such as "Introduction", "Conclusion"..etc
December 30, 2008 — According to a new doctoral
dissertation at Stockholm University in Sweden, based on analyses of
deposits of pollen grains, it is possible that all of Sweden was
virtually free of ice for long periods during the latest ice age. The
findings show that the glaciation might have started some 20,000 later
than was previously assumed.
“It’s important that we get to the bottom of when the great ice
sheets covered Sweden and how warm it might have been when there was no
ice. At present there are two extremely different hypotheses, which
makes it difficult to study how the ice age climate relates to various
parameters in the climate system, such as the earth’s relation to the
sun,” says Martina Hättestrand, a doctoral candidate at the Department
of Physical Geography and Quaternary Geology, Stockholm University.
In order to understand the climate system of the earth, researchers
today are studying the climatic variations of ice ages. Since we have
the most land forms and geological traces preserved from the latest ice
age, much of the research focuses on that particular period. An
important aspect of the research is to study when the huge continental
ice sheets grew and when they melted away, and to study the environment
and climate of the areas that were free of ice. The size and movement
patterns of the ice sheets can be calculated by studying land forms and
moraine deposits. The ice-free periods can be studied by pollen
analysis, among other methods. Pollen analysis is a method in which
scientists use pollen grains preserved in ancient sediment to create a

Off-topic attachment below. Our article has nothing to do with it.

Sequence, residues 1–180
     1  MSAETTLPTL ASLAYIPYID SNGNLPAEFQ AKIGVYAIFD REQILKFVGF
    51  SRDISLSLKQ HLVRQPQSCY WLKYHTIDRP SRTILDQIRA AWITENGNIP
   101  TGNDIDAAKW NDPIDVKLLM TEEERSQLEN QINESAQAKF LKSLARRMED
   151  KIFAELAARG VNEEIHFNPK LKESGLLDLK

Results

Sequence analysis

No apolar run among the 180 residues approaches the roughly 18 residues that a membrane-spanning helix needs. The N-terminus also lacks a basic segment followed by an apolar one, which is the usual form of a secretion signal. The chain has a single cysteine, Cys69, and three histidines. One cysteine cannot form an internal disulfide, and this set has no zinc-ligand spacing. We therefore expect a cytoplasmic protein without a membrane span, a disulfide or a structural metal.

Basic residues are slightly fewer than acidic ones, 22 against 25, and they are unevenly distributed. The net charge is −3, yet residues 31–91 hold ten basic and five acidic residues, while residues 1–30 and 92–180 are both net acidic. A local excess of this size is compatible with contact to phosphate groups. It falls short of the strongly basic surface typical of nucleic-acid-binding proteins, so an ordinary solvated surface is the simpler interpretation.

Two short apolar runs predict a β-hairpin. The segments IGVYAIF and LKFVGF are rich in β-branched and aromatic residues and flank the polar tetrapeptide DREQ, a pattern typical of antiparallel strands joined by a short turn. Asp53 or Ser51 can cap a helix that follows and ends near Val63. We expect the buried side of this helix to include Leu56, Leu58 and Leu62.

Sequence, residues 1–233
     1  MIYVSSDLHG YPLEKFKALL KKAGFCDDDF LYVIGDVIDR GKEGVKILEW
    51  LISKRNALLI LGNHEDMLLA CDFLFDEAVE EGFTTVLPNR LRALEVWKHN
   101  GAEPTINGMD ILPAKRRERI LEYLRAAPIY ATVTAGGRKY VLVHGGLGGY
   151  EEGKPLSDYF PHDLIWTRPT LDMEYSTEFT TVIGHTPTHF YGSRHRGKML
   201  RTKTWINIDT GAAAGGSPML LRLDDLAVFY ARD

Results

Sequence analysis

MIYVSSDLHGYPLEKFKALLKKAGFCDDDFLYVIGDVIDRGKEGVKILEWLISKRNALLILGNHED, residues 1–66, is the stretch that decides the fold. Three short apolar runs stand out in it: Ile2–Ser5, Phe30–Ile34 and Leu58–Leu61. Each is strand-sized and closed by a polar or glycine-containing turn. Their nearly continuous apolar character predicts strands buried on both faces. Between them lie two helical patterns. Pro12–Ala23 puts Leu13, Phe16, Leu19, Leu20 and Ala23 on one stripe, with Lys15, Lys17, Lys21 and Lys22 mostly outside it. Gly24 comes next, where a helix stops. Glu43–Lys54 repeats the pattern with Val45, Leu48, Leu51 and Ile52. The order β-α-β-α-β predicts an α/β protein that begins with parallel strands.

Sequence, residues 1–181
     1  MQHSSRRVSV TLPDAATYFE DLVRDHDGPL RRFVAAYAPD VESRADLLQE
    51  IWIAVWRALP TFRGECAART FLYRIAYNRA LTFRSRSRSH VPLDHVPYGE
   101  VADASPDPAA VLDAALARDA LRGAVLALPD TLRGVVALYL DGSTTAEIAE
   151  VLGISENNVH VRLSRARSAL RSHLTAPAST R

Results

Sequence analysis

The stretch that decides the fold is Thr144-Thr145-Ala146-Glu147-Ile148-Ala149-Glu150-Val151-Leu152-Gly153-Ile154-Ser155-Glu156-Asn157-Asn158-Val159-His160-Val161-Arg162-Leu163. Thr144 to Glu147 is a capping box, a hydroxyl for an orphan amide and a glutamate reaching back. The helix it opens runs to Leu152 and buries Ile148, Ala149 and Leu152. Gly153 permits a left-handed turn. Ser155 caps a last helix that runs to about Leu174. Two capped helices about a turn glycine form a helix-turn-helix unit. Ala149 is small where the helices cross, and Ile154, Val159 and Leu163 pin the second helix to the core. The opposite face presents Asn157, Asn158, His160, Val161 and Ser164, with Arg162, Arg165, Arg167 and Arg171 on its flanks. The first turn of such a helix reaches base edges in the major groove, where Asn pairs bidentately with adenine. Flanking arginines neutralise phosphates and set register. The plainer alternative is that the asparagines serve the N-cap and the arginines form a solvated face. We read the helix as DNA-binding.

picture of what plants once grew in the area and what the climate was
Martina Hättestrand’s dissertation is based on studies of pollen
grains that were deposited more than 40,000 years ago in small lakes
during the ice-free phases of the latest glaciation. During the warm
phases of the Ice Age, high amounts of birch pollen were deposited,
which indicates that summer temperatures were around 10 degrees
centigrade in northern Sweden. During cold ice-free phases, mostly
grass and herbal pollen was deposited.
“The findings from my dissertation indicate that the first icing up
phase of the latest Ice Age may in Scandinavia have started about
95,000 years ago – which is some 20,000 years later than was previously
thought,” says Martina Hättestrand.
According to the previously accepted hypothesis, Sweden was covered
with ice 75,000-20,000 years ago. Martina Hättestrand’s hypothesis, on
the other hand, is that Sweden may have largely been ice-free between
59,000 and 40,000 years ago. If this is true, the last ice sheet of the
Ice Age formed much more rapidly than was previously believed in order
to have reached all the way down to northern Germany during the maximum
phase about 22,000 years ago.
The latest Ice Age is called the Weichselian glacial (glaciation) in
northern Europe. It started roughly 120,000 years ago and ended about
10,000 years ago. The definition of an ice age is that it has a colder
climate than an interglacial period, which is the type of climate we
live in today. The climate varied a great deal during the ice ages.
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